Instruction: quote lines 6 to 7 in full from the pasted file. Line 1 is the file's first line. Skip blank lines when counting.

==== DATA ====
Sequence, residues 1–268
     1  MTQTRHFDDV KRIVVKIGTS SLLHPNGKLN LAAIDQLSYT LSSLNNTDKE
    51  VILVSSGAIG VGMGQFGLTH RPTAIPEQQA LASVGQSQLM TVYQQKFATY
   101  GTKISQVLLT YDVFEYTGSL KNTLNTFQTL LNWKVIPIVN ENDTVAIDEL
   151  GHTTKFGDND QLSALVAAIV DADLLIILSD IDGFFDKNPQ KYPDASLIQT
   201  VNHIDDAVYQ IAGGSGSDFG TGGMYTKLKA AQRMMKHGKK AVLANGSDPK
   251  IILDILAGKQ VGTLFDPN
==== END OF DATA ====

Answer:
   201  VNHIDDAVYQ IAGGSGSDFG TGGMYTKLKA AQRMMKHGKK AVLANGSDPK
   251  IILDILAGKQ VGTLFDPN